A glimpse back at the Eames Office since 1988 shows how the legacy of Charles and Ray Eames has been preserved, communicated, and extended.
Eames Office since 1988
Just over eighty years ago, Charles and Ray Eames founded the Eames Office, the design studio and workshop where they created some of the most significant achievements of 20th-century design. After their deaths, the Eames Office, which is still run by the Eames family today, transformed into a cultural-commercial project dedicated to preserving, communicating, and expanding one of the world’s most influential design legacies.
In addition to the Eames Office as the central institution and the Eames Foundation, founded by the family in 2004, the project also includes several long-standing partners from industry, academia, and the museum sector who are committed to the work of Charles and Ray Eames. Now the Eames Institute joins this network as a new partner institution.
A look back over the last 35 years shows the many ways in which the legacy of Charles and Ray Eames has been safeguarded, shared with future generations, and given new life.
1988 – Charles’ daughter Lucia Eames becomes owner of Eames Office, asserts her intention to continue the work of the office.
1988 – Grandson Eames Demetrios becomes Director of the Eames Office.
1988 – Film 901 after 45 years of working, by Eames Demetrios, documents the closing of Charles and Ray’s design studio in Venice, CA.
1988 – Eames Office Oral Histories Project records over 200 hours of interviews with former Eames Office staff and friends of the Eameses (until 1996).
1988 – Library of Congress receives close to one million documents, plans and photographs from 901.
1989 – Eames Office closes 901 West Washington Boulevard and moves operations to Eames House.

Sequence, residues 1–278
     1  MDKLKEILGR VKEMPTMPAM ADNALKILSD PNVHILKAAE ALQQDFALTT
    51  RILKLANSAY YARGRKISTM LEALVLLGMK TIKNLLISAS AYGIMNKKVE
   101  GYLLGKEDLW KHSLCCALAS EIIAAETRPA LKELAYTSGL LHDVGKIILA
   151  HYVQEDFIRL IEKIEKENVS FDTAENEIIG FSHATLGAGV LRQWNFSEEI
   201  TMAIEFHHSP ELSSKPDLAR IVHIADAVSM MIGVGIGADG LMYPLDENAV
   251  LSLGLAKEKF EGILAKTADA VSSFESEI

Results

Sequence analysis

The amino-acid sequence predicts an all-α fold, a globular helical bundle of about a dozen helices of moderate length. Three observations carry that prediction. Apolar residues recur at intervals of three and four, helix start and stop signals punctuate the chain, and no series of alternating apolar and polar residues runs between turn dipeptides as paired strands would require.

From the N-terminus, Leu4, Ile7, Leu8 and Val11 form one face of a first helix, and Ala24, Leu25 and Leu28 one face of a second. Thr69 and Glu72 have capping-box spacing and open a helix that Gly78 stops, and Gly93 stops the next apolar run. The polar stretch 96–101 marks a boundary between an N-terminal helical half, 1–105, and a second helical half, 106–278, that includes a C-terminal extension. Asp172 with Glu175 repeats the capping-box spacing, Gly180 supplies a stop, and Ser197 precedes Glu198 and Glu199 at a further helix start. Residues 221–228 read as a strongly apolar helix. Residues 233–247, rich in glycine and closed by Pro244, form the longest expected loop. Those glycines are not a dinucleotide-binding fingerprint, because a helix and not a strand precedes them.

1989 – Vitra Design Museum acquires large collection of prototypes from 901.
1989 – Charles’ office from 901 gifted to Vitra Design Museum.
1989 – 901 Conference and projection room acquired by San Francisco Museum of Modern Art. 1989 – 901 Entrance Room goes to Los Angeles County Museum of Art.
1989 – Plywood Glider Nose prototype enters collection of New York Museum of Modern Art.
1989 – A large collection of objects, prototypes, process documents, toys, books, photographs, and tools from 901 remains with the Eames family.
1989 – Eames Design, a large monographic publication initiated by Ray in 1982, is published by Abrams.
1989 – Eames Office begins releasing the Eames Films on Home video–later on other formats.
1989 – Eames Office re-introduces Eames House of Cards with historic partner Ravensburger.
1990 – Eames Office partners with Vitra to launch 1948 La Chaise for the first time.
1991 – Film 901 after 45 Years of Working selected for Sundance Film Festival.
1991 – Vitra Design Museum launches Miniatures Collection of Eames designs.
1993 – Lucia Eames and second husband Aristides Demetrios move from San Francisco to Petaluma and into the ranch complex constructed from 1991 to 1994 (Architect: William Turnbull).
1993 – Eames Office participates in launch of Herman Miller for the Home Collection.
1994 – Production begins on Powers of Ten Interactive CD-ROM developed, designed and produced by Eames Office. Published by DATTJapan and Pyramid Media.
1997 – The Work of Charles and Ray Eames, the first major posthumous Eames exhibition opens at the Vitra Design Museum and later travels to 17 venues in 9 countries. Eames Office designs and produces the multimedia component (5 hours of video on about 2 dozen screens).
1997 – Eames Office Powers of Ten Interactive CD-ROM released first in Japanese market.
1998 – Exhibition Powers of Ten curated by Eames Office; exhibition later travels to 11 cities in 5 countries.
1998 – Powers of Ten inducted in the National Film Registry of the Library of Congress.